7. ASHRAE split the Standard to address commercial requirements (62.1) separately from residential requirements (62.2).
8. “Per person” is defined in the Standard here by the number of occupants expressed as the number of bedrooms plus one (assuming two people in the master bedroom and one in others).
9. European Committee for Standardization
10. This rate remains in later versions of ASRAE 62.2, including the most current iteration, ASHRAE 62.2-2019
BH: In the past, we have heard a lot about IAQ. But I think right now, for most of us, it’s not that complicated. It’s more just “I need fresh air.” IAQ tends to get associated with all kinds of technical specs, but right now people are saying simply, “I just need to breathe fresh air.”
This focus on breathable air is propelling healthy homes into mainstream building. A good example of how builders are starting to change the paradigm is provided by Randy Noel, a homebuilder in the Greater New Orleans area. Randy, a former CEO of the NAHB, responded in his local market to customers asking about healthier indoor air, for home offices, for bigger spaces with families at home, and last year he entered the Parade of Homes with a home certified by Wellness Within Your Walls . It’s still a long shot for a lot of production builders to ask what’s in the indoor air. High-end custom builders have been having these conversations for years, but seldom with anything near the immediacy that they are now. Everywhere people are concerned. So the question is: Do we need to come at these discussions with a lot of technical recommendations or with just “I want to breathe good air”?
This table shows the percentage of all 80,000+ respondents to the Hayward Score self-reporting health symptoms that may be connected to their homes. Shown is only a selection of the 23 medical symptoms covered by Hayward Score data. Note that among the selected symptoms, a number demonstrate a clear connection to cognitive functions.
It’s not complicated: Start with a tight building shell and a stand-alone ventilation system with energy recovery. When you have airtightness combined with energy-recovery ventilation, the house doesn’t fill up with dust and dirt. If you are a production builder, could you sell that? Yes. And it’s peacefully quiet inside. Can you sell that? Definitely. Builders can’t sell airtightness. They probably can’t sell IAQ. But we can show a customer 1) no dust and dirt; 2) it’s quieter; and 3) oh, by the way, it’s better for your health—you don’t feel your allergies, and it affects health and longevity and mental alertness (see “Health Effects Tied to Buildings,” right). When you show all that, the customer is likely to respond with, “Yes. I’d like all three of those.”
A tight shell and balanced energy-recovery ventilation is a simple equation to get you there, but success from a builder’s perspective requires one person to take charge of optimizing the heating/cooling systems with balanced ventilation, airtightness, and the thermal boundary, including windows.
Stand-Alone vs. Integrated Systems
Mark LaLiberte: Agreed. This may be simpler than we think if we can boil it down to some basic systems. A balance between energy use and health is found when we combine a tight, high-performance shell, so we gain control over thermal gains and losses, with stand-alone ventilation—a system that delivers balanced supply and exhaust air streams with energy recovery, and that runs continuously. When this is the default, everything gets a lot simpler.
Integrated systems, particularly in hot, humid climates, are problematic. We have huge problems right now in the Southeast with houses being ventilated with conventional supply-side or exhaust-only ventilation raising indoor relative humidity in buildings that can’t properly dehumidify. So we’ve got condensation on clothes dryer vents and bath fan ducts and on recessed lighting fixtures. This argues for a stand-alone energy-recovery system that can help pull out some of that moisture. The basic system starts with being able to run a fan continuously to move air throughout the house. And with energy recovery, you’re able to at least extract the moisture from the incoming air in hot, humid climates and reintroduce that to the outdoors.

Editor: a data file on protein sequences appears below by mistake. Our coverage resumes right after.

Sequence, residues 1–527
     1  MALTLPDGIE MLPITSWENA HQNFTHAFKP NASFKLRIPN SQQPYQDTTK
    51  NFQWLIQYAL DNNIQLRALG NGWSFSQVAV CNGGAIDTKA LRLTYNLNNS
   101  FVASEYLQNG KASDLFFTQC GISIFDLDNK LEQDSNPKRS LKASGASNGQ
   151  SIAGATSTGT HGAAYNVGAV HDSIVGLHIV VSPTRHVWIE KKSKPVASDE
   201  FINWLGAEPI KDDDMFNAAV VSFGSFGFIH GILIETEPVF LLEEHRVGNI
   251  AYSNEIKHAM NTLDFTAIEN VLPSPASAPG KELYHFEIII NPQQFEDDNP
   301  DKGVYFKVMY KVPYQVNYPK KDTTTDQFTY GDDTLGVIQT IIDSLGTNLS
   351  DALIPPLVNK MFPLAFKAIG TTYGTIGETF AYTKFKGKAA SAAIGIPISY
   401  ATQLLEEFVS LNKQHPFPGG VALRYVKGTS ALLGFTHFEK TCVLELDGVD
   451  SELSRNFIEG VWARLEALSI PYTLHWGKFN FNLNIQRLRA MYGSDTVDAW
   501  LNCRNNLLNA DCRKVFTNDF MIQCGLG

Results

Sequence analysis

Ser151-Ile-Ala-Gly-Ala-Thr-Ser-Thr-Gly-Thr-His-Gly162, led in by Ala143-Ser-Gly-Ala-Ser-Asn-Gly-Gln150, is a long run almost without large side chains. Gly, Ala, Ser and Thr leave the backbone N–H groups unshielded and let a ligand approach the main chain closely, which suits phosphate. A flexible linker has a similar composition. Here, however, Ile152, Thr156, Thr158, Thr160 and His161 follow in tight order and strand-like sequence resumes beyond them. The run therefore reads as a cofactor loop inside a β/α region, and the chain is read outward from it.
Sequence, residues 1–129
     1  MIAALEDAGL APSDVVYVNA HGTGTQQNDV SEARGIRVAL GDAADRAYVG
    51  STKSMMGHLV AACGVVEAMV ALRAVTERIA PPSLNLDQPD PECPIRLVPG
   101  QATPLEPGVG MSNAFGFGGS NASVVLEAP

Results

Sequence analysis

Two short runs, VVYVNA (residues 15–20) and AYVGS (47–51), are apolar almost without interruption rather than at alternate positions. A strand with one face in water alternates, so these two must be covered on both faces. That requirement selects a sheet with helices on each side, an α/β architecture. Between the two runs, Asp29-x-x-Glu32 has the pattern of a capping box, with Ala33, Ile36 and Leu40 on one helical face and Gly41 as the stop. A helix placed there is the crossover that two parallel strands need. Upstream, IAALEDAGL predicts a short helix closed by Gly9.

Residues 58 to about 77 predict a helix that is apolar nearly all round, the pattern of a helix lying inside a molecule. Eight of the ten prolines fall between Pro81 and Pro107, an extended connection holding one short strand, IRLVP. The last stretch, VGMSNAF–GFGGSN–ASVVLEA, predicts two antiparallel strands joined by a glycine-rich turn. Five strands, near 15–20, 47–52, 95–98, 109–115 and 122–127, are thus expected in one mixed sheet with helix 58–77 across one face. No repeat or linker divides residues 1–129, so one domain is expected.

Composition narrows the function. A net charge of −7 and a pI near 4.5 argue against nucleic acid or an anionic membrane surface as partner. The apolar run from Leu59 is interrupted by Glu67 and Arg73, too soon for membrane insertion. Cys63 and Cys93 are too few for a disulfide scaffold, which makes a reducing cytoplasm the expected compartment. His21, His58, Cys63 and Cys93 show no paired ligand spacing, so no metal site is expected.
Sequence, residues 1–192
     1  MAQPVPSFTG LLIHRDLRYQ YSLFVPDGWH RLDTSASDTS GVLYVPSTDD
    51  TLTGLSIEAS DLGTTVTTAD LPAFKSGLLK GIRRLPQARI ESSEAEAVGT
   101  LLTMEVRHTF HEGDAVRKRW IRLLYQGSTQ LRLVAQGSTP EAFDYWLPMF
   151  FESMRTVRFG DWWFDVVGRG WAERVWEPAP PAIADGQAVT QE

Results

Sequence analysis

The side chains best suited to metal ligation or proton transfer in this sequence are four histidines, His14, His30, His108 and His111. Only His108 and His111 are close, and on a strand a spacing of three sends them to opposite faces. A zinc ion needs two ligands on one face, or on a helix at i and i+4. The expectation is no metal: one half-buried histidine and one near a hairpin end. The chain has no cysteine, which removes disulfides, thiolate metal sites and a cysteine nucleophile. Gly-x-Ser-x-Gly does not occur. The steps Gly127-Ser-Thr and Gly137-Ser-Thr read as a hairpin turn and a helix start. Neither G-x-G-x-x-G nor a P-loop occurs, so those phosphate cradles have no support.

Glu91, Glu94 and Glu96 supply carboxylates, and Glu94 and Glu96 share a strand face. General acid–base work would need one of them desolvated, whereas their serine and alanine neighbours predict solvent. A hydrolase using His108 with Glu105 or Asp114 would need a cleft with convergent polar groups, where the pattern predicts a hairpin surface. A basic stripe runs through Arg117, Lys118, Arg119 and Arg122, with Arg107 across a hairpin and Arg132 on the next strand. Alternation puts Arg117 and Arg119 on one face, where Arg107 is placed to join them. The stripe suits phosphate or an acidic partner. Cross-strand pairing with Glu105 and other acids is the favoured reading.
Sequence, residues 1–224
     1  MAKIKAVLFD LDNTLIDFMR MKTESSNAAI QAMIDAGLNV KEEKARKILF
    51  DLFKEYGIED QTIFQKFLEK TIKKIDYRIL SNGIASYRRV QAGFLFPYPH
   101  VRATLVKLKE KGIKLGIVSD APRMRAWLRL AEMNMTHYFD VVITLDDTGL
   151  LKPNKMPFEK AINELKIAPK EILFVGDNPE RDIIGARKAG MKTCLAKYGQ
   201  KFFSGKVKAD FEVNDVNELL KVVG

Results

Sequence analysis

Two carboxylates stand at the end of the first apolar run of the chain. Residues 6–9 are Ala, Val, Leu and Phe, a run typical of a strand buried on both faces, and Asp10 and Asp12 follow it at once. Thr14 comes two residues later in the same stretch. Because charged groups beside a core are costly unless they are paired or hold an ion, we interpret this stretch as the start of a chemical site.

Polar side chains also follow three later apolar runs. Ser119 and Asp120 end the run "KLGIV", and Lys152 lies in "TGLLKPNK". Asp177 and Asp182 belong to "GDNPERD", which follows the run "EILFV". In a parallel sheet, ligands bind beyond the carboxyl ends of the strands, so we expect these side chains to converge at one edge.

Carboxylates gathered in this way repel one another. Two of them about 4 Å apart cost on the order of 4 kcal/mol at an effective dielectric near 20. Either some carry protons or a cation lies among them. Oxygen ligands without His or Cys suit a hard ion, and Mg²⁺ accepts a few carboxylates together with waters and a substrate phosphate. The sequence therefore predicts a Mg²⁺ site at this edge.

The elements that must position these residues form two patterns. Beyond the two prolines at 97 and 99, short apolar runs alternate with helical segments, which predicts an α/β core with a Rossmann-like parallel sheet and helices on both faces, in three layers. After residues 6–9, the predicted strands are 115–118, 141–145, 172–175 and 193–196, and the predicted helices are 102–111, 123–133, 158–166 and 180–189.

In the work we just finished at CI [Construction Instruction], we kicked the ventilation rates up, validated fan performance, and showed that you can ventilate at 140 cfm and consume only 23 watts of electricity, recover about 85% of the energy in whichever stream you want, and reject 40% of the moisture from incoming air.
Builders need to know that the cost of ventilation with energy recovery is substantially lower than it has ever been.
Builders need to know that the cost of ventilation with energy recovery is substantially lower than it has ever been. And I think that’s the prime choice. And it’s often the simpler choice. The project that we’re working on in the Southeast is with a large national builder. They were running a supply-only ventilation system, taking in 60 to 100 cfm of outdoor air and running it through 500-watt, 70-pint dehumidifiers, and then introducing that air to the return side of the furnace on the air-conditioning side. This uses additional electricity and dumps dry air into the system before it hits the evaporative coil, wasting the potential of the coil to take out any of the moisture. If the builder chooses to run an energy recovery system instead, they will have a reduced need for dehumidification. In a lot of climates, dehumidification may not be needed at all. But in regions with high summer dew points, an ERV and a dehumidifier may be needed if you are selecting a higher ventilation rate.
BH: Getting the right amount of air in the house starts with putting in a stand-alone ERV that runs continuously. We breathe constantly so you want to deliver constant airflow throughout the house. An integrated system with a variable-speed fan that is turned down to low and is pumping 150 cfm so the air is mixing throughout the house might be OK. To my knowledge, no one has done a careful study comparing the air delivery of integrated vs. stand-alone systems, so I can only give my best WAG, but I’d wager an integrated system can deliver just 40% of what a stand-alone system can deliver. Why would you go with 40% when you can deliver fresh air everywhere in the house?